The latent Tradition, throughout the centuries, that implied the possibility of women being ordained to the priesthood

About valid Tradition

Scriptural Tradition Latent Tradition Dynamic Tradition Informed Tradition Valid Tradition

The Church has always believed that its true Tradition is not fully expressed in external statements or practices. Tradition also contains “the gospel which our Lord did not write, but taught by word of mouth and implanted in people’s hearts, and part of which the evangelists later wrote down, while much was simply entrusted to the hearts of the faithful” (Joseph Ratzinger, ‘On the Interpretation of the Tridentine Decree on Tradition’, in Revelation and Tradition, by K. Rahner and J. Ratzinger, Burns & Oates, London 1966, pp. 50-68.) This Tradition is known as ‘the Gospel in the Heart’.

It is my contention that, throughout the centuries, Catholics have known, in their heart of hearts and in the marrow of their bones, that women are equal before God and that there cannot be a fundamental objection to the ordination of women to the priesthood. This inner conviction was the ‘sensus fidelium’, the Christian sense of faith, the mind of the Church: Ecclesiae Catholicae sensus, or sometimes consensus Ecclesiae, remembering that in these last expressions ‘Church’ stands for the whole community of believers.

It is important here to note about Latent Tradition:

Read more about this in Latent Tradition!

As we examine the history of the Church -- our history as Christ's believing community --, we discover, underneath the cultural opposition against women priests, a constant awareness that ran counter to the officially sanctioned social and cultural ideas. This awareness of women's capability of Holy Orders has manifested itself in a number of ways:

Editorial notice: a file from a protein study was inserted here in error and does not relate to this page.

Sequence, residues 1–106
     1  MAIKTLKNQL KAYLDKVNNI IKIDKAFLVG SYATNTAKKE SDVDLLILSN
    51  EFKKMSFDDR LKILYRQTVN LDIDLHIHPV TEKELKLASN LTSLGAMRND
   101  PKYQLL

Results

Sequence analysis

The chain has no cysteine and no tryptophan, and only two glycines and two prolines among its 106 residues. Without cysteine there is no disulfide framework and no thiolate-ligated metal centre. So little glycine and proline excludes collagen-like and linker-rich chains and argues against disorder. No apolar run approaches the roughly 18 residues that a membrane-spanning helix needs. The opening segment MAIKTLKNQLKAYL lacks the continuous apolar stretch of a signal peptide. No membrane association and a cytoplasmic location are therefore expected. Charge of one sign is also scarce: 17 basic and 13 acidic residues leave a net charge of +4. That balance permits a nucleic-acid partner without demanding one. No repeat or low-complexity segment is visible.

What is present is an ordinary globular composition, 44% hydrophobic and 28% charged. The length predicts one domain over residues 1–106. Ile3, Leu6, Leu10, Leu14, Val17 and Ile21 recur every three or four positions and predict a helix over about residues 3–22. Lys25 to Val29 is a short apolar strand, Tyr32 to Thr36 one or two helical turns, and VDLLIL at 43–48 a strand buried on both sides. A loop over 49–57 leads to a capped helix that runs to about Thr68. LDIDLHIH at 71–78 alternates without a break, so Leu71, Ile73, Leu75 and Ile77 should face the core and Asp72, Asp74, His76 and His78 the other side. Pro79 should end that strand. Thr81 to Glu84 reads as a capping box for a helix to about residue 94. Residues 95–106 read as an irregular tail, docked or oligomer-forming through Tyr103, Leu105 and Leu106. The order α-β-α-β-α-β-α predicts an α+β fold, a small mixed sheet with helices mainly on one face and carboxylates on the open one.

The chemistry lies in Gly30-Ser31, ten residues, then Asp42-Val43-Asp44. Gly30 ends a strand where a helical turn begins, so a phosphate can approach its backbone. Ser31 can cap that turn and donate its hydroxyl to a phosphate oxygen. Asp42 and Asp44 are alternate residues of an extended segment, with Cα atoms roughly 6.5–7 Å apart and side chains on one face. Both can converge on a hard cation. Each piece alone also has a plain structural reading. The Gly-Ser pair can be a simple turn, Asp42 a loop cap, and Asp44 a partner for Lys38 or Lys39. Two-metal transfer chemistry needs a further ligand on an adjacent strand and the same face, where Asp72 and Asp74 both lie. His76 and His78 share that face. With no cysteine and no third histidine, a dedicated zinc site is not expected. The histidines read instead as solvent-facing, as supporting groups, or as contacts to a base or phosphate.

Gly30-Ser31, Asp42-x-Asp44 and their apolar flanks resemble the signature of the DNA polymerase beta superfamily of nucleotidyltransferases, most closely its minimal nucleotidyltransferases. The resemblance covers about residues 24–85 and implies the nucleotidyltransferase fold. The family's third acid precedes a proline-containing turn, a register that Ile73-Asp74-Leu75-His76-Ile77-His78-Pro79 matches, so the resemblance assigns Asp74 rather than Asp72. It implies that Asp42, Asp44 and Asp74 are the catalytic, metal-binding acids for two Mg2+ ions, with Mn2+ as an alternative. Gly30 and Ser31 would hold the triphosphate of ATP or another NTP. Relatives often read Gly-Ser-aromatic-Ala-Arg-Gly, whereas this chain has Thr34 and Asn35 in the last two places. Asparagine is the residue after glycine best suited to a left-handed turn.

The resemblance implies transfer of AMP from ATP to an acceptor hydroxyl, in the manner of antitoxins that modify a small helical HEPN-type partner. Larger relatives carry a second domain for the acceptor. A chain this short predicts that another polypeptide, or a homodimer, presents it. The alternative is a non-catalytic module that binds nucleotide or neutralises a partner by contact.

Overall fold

1. Throughout the centuries the faithful have had a devotion to Mary as priest. They intuitively saw, with their ‘Catholic sense’, that Mary shared in Jesus' priesthood more than anyone else. Implicitly it contained the strong, but usually unspoken conviction, that Mary, though a woman, could easily have been ordained a priest, as much as any man. At times this conviction is expressed explicitly. See here a full overview of documents on Mary Priest on this web site.
  2. There have been isolated cases of women having been ordained priests, especially in the South of Italy. ‘As an historian of Christian antiquity, I need to emphasize that the tradition of the first five to six centuries has not been so unanimous in condemning the female priesthood as is usually held’ (George Otranto; read Otranto's article with introduction by Dr. Mary Ann Rossi or (in shorter form) Otranto's lecture).
  3. For many centuries St Mary Magdalen was venerated as a woman saint who had preached (something presumed to be the sole privilege of priests) and who had even taught the apostles the correct doctrine when they went astray.
  4. All sacraments are administered in the name of Christ. But women administer both the sacrament of baptism and marriage.
  5. Throughout the centuries outstanding women have testified to their awareness of their equality in Christ, implying also a full share in Christ's sacramental priesthood.

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John Wijngaards



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